All rice is brown rice in husk when harvested.
The outer part of the grain, consisting of the husk and bran, must be polished away before brewing sake.
Before the rice is steamed, it is washed to remove rice bran then soaked.
The degree to which the rice is saturated with water depends highly on the product being made.
The rice is steamed to keep the outer layers of the rice gains firm while leaving their inner cores soft and moist.
The koji mold spores, which provide starch-converting enzymes, are cultivated on a small batch of steamed rice.
Yeast Starter (Shubo) Making
A yeast starter mash (Shubo) is made by mixing small portions of koji, steamed rice, yeast, and water in a small tank.
Main Mash (Moromi) Making
When the yeast starter is ready, the shubo is transferred to a larger tank, to which steamed rice, koji, and water are added over the course of four days (sandan jikomi). This mixture is called moromi, and will continue to ferment over the next 2-4 weeks. Sake is unique among fermented beverages in that the two brewing processes, saccharization and fementation, occur simultaneously (multiple parallel fermentation), naturally yielding sake with about 20% alcohol level.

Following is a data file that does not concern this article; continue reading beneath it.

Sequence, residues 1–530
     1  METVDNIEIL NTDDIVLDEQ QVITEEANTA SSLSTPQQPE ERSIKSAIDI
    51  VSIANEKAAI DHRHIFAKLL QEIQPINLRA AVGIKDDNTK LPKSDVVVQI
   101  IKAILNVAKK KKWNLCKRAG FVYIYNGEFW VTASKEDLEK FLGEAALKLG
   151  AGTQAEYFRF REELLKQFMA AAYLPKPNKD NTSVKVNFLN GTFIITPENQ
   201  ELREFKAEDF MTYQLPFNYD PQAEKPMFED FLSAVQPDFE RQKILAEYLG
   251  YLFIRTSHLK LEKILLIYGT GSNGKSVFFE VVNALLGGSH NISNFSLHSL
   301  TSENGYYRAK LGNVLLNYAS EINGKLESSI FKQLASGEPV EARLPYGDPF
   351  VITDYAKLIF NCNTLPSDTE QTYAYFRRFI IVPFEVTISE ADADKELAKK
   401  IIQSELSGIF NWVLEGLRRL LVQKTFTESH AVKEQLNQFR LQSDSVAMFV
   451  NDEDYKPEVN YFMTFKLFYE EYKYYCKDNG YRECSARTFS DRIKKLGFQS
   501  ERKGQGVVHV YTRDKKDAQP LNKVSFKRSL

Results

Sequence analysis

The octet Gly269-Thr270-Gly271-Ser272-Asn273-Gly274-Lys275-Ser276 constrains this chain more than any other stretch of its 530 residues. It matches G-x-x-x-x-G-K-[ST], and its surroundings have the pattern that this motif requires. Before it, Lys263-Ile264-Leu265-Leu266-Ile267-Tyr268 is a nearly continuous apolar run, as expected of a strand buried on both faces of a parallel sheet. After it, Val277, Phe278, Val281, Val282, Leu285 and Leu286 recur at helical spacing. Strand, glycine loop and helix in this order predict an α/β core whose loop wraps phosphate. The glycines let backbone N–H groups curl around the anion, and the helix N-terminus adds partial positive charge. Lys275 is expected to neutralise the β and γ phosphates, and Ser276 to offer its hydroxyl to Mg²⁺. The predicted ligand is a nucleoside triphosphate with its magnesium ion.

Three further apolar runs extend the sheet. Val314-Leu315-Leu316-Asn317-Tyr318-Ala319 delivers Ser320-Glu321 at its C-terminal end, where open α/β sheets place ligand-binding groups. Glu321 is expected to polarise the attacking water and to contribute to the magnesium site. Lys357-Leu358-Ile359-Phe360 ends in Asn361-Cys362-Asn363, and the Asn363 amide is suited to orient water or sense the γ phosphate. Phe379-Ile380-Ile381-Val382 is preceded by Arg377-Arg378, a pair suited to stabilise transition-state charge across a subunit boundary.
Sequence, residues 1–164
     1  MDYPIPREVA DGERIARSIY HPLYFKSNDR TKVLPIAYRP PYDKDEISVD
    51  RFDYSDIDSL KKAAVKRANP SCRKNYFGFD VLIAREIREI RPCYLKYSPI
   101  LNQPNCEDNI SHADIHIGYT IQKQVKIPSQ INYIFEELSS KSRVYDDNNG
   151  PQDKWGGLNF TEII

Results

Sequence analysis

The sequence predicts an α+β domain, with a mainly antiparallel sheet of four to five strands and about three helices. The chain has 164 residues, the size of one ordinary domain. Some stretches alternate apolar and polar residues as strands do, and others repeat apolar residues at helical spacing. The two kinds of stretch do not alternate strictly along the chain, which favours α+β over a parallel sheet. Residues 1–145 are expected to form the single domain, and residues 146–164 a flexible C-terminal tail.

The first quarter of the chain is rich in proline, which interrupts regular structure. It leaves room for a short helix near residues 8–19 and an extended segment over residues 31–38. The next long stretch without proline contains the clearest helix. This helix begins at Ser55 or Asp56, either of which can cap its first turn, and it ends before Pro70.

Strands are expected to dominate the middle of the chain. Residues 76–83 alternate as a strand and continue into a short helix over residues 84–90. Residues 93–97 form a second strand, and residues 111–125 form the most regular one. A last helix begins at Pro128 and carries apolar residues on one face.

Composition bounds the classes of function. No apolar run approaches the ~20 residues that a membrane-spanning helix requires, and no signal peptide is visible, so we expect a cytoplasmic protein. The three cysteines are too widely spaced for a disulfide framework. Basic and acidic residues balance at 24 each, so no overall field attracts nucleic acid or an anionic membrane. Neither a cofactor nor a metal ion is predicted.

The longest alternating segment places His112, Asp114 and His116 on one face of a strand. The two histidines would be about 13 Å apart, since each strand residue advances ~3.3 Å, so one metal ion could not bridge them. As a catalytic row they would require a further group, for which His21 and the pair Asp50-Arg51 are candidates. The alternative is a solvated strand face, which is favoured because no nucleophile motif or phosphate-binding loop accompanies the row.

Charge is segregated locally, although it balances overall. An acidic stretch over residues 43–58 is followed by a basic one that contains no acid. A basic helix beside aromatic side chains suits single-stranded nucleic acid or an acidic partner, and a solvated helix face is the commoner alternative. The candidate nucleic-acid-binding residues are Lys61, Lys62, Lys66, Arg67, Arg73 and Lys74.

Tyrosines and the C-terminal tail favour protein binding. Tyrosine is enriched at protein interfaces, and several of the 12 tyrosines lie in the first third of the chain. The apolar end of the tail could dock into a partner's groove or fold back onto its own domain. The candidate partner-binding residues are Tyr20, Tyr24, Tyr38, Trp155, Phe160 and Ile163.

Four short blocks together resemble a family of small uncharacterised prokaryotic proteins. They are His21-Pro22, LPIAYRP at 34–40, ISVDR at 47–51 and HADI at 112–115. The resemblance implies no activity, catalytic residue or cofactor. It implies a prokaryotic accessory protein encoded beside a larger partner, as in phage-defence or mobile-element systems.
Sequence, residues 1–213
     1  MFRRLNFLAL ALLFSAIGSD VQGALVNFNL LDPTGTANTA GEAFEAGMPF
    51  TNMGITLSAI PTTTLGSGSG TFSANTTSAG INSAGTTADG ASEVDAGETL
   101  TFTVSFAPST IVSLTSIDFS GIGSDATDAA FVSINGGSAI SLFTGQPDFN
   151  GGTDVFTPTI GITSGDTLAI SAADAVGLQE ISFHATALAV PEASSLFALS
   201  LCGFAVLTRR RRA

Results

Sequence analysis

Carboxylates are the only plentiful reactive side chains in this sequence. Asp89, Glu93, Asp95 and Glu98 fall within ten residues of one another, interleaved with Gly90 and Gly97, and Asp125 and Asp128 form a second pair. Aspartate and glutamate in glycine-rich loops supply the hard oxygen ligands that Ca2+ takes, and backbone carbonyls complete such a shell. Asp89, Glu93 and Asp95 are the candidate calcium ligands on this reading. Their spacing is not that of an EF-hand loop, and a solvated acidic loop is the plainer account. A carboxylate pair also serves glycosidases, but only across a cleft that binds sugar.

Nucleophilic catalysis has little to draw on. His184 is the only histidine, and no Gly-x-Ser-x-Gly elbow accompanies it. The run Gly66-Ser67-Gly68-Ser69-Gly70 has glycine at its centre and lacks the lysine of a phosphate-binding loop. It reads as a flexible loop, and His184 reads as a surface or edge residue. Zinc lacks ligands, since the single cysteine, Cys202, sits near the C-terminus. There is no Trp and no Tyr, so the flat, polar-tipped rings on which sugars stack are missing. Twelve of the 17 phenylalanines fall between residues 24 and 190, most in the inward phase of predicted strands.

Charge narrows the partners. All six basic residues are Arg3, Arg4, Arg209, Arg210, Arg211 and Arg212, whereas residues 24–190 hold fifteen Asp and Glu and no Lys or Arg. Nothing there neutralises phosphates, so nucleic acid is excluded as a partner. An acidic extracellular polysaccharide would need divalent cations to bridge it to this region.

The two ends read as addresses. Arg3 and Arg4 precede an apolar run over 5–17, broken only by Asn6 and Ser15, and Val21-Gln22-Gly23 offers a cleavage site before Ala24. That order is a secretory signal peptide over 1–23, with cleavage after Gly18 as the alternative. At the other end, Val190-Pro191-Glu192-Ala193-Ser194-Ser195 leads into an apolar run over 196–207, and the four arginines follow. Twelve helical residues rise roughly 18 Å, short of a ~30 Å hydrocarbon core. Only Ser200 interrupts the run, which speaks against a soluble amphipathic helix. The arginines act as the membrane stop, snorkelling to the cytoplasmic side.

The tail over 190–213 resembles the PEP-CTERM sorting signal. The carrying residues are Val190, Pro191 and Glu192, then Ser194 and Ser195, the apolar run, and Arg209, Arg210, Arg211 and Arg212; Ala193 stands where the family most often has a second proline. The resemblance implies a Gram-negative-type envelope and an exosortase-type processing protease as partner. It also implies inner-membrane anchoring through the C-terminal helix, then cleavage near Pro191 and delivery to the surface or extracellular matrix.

Once fermentation is complete, the raw sake is run through a pressing machine which separates the Moromi into fresh sake and sake lees.
The fresh sake is filtered to remove unsolvable proteins and starch.
All sake is pasteurized after filtration, with exception of Nama (micro-filtered) sake.
Most sake is aged for 3-6 months before bottling. This allows the rough edge, typical of freshly made sake, to mellow.